• Can’t find a big enough one that can be built somewhat quickly, and not cost a fortune.
  • Thought about it, but after building certified aircraft, I reconsidered. Can you say “a billion” parts?
  • I bought two projects but never completed them.
  • Own one but didn’t build it.
  • I’ve been flying my RV9A since ’08. It was a 4-year build project.
  • Bought a flying project. I like to modify but want to fly as I do!
  • Yes, but have never pulled the trigger on ordering plans or a kit.
  • I did a while back when shopping for an aircraft but found it cheaper to buy an older used aircraft than build one.
  • Only if the new regulations doesn’t allow better/cheaper factory built.
  • Considered, but not for me.
  • Had planned to in the past but have abandoned due to time constraints and change of flight mission profile.
  • Paid a deposit on a kit but decided it was more work than I thought. Bought a Piper.
  • Yes, a high-performance twin! (Cri-Cri).
  • I like flying more than building.
  • Already have. Learned so much about engines (and cheating mechanics) that it’s hard to believe I flew for years viewing an engine as a mysterious black box. Learned that not all mechanics are honest or competent.
  • Considered, yes. Rejected.
  • Keep thinking about it then I come to my senses.
  • I have considered it. I have not committed to it one way or the other. Favoring no.
  • Yes, but methinks that ship has sailed.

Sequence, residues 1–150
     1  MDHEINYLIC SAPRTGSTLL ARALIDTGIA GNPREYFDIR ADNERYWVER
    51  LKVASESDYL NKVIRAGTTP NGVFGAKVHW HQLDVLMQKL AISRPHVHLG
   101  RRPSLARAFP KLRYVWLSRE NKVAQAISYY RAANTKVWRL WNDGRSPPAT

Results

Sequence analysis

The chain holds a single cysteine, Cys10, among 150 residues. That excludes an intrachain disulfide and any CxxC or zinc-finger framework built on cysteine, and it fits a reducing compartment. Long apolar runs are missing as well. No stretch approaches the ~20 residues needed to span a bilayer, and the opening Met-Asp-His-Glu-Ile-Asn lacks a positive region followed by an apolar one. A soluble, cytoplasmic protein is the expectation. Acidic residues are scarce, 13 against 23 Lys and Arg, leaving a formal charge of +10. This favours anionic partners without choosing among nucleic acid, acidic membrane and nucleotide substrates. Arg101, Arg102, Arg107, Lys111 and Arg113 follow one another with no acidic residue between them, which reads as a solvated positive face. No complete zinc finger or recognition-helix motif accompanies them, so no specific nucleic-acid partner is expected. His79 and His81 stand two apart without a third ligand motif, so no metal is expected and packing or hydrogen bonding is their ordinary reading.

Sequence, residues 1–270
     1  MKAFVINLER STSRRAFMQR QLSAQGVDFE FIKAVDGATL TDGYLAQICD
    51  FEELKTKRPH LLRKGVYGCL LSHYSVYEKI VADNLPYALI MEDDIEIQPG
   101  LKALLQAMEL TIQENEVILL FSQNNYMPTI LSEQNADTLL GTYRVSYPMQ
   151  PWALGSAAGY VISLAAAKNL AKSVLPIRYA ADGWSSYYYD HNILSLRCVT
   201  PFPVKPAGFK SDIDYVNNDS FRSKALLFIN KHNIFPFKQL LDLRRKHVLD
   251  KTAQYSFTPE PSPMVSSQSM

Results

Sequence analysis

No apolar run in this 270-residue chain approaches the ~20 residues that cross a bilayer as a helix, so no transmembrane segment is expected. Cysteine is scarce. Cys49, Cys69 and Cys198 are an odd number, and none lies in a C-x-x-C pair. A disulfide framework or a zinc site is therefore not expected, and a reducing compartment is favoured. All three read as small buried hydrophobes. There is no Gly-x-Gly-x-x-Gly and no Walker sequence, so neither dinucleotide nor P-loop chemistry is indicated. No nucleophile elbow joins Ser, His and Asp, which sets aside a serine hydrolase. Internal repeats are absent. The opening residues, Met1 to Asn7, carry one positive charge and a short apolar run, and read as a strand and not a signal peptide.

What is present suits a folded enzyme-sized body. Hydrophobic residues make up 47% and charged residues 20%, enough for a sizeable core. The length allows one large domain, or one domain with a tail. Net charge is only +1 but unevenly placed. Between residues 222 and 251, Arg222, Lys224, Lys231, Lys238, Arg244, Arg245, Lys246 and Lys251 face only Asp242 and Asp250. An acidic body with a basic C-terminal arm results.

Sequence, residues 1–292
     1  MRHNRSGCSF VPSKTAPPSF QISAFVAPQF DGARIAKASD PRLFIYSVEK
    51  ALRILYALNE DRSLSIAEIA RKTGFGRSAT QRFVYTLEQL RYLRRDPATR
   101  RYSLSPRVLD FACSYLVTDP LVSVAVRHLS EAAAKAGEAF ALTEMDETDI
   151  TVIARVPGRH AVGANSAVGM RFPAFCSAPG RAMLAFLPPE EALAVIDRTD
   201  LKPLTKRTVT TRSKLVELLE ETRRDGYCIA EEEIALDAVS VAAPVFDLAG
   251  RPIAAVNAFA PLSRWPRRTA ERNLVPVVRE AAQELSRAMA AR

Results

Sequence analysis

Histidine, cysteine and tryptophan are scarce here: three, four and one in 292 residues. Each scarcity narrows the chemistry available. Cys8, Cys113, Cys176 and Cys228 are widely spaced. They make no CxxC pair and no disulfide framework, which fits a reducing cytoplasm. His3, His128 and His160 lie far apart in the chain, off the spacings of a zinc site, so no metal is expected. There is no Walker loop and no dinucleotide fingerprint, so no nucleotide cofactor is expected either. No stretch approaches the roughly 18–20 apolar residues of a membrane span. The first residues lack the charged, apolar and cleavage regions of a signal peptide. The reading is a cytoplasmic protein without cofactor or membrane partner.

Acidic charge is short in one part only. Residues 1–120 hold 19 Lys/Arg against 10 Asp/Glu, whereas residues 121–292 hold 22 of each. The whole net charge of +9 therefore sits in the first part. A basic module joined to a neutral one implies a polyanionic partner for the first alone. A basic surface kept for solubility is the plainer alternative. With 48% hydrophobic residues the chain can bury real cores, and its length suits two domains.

• Considered, but not able due to space and other commitments.
  • I had considered it, researching the topic for several years, but it seemed logistically not feasible for me.
  • I’ve had an RV-12 (yes the whole kit) on order since Oshkosh ’21.
  • Did, but never again.
  • I love the amateur-built sense of adventure, especially when it directly transitions to Part 23 Certified (like the Cirrus, Cessna Corvalis, and the Epic have!).
  • Gathering info and considering.
  • Yes, designing and building my own RC aircraft.
  • Lots of interest, just need life to cooperate.
  • I would have considered it in 1995, but not now.
  • Considered building one, but purchased a completed airplane from original builder.
  • Yes, but not likely to happen.
  • I was building one, marital separation, no money to try again! But I would if I could, no question.
  • Already have a certified airplane.
  • I’ve got a most of the hand tools required, but don’t have the space or the money.
  • Not enough time left to complete the bucket list. I bought one from a builder.
  • I did consider but realized the time taken and effort is too much when I can buy an used certified aircraft at lower cost and fly now.
  • I can barely afford model airplanes.
  • Too much to do/too little time.
  • How are they even legal?
  • I own a Baron. No need.
  • Not only wouldn’t I fly in something I built, I wouldn’t even SIT on something I built.
  • Considered a BD5 when it was new and came to my senses in time.